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  • Tourists on the road between Baranquilla and Santa Marta, Colombia, October 6, 2017.

    Tourists on the road between Baranquilla and Santa Marta, Colombia, October 6, 2017.

Published 14 October 2017

The route was constructed in an era before builders needed to obtain environmental permits.

A road built in the 1950s in northern Colombia, that caused environmental damage by interrupting the vital flow of water from sea to land, is now under threat from coastal erosion.

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The route's construction in 1956 marked the start of a process which threatened fragile ecosystems because it interrupted the flow of saline water to and from the estuarine channels in the Magdalena River delta.

Studies conducted by the Regional Autonomous Corporation of the Magdalena indicate the 40.6 kilometers road runnig through the Salamanca Island resulted in hyper-salinization and the loss of 285.7 square kilometers of mangrove forest and numerous animal species.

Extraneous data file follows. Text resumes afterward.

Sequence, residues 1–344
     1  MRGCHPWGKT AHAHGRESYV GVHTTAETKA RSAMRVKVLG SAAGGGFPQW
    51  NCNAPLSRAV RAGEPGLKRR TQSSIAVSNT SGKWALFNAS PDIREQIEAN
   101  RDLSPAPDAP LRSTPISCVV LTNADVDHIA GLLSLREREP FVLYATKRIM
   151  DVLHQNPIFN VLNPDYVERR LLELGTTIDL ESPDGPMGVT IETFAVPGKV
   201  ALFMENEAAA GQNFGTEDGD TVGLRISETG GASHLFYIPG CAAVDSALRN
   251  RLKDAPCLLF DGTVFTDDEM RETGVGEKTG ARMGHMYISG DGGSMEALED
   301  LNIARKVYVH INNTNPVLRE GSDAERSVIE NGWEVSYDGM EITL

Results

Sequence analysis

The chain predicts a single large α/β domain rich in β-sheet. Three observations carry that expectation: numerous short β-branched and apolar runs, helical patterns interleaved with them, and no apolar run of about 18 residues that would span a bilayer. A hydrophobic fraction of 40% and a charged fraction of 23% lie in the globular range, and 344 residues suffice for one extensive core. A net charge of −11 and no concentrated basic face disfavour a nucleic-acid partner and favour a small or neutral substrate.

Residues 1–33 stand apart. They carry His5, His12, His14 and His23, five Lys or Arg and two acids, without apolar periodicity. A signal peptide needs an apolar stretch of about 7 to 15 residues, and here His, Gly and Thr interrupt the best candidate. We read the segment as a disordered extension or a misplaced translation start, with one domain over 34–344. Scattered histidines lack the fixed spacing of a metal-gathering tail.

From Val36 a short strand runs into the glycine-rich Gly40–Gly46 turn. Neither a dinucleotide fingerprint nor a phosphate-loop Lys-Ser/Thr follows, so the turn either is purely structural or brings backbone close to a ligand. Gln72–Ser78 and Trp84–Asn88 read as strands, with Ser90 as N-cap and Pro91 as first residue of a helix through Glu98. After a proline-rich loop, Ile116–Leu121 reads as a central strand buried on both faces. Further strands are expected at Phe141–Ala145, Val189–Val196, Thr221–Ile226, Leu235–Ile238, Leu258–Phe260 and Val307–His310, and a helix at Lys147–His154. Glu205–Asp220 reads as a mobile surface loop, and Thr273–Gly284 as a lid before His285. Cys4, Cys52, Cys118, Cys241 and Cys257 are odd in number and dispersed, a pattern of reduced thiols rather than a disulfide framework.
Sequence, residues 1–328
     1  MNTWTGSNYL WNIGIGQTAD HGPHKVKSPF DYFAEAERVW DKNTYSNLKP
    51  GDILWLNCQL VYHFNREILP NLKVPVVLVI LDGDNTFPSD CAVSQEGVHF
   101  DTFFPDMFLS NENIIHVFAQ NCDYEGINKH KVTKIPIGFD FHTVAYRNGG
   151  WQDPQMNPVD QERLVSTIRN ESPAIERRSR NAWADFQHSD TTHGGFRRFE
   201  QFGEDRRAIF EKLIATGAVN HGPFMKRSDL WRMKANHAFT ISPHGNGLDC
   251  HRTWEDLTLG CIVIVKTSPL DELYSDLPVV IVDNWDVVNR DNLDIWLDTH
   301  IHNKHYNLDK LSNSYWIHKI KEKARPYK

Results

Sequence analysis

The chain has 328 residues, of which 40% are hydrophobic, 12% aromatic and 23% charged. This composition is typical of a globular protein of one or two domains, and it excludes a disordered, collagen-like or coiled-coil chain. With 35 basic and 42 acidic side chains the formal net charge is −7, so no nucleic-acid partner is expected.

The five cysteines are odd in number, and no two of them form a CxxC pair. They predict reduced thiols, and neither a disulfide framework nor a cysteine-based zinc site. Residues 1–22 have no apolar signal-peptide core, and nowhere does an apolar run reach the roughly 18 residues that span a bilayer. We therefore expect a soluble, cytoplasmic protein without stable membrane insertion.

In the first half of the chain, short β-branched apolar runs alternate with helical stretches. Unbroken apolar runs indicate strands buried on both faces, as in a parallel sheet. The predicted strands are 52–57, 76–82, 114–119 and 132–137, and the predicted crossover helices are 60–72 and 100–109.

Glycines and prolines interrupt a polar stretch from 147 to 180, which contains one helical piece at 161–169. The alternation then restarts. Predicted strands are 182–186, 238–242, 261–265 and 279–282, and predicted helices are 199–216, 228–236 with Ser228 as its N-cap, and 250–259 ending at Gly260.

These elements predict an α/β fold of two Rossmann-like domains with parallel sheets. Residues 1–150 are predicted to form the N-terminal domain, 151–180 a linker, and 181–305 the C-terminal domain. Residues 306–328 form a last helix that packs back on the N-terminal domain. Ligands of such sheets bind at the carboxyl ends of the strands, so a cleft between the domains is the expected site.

The highway "is the most visible environmental crime that's been committed in Colombian history," biologist Luis Carlos Gutierrez, a researcher at the University of Atlantico in Barranquilla, told EFE.

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Human intervention has not only "wiped out species, but some measures adopted to remedy the damage have ... aggravated the situation," the expert added.

"Worst of all, there's been a silting of the estuarine channels and the marshes; in other words, the large amount of sediment has buried the oyster banks, which are a food source for many species," Gutierrez said.

Besides the damage to the ecosystem, the area suffers from coastal erosion affecting the entire Caribbean coast and is particularly acute along the road because it endangers the land link between Barranquilla, Colombia's third-largest city, and the country's interior.

But there could be some hope. Scientists say the solution is a project to expand the road into a dual carriageway with viaducts at certain points to ensure an uninterrupted flow of water back into the delta estuary system.

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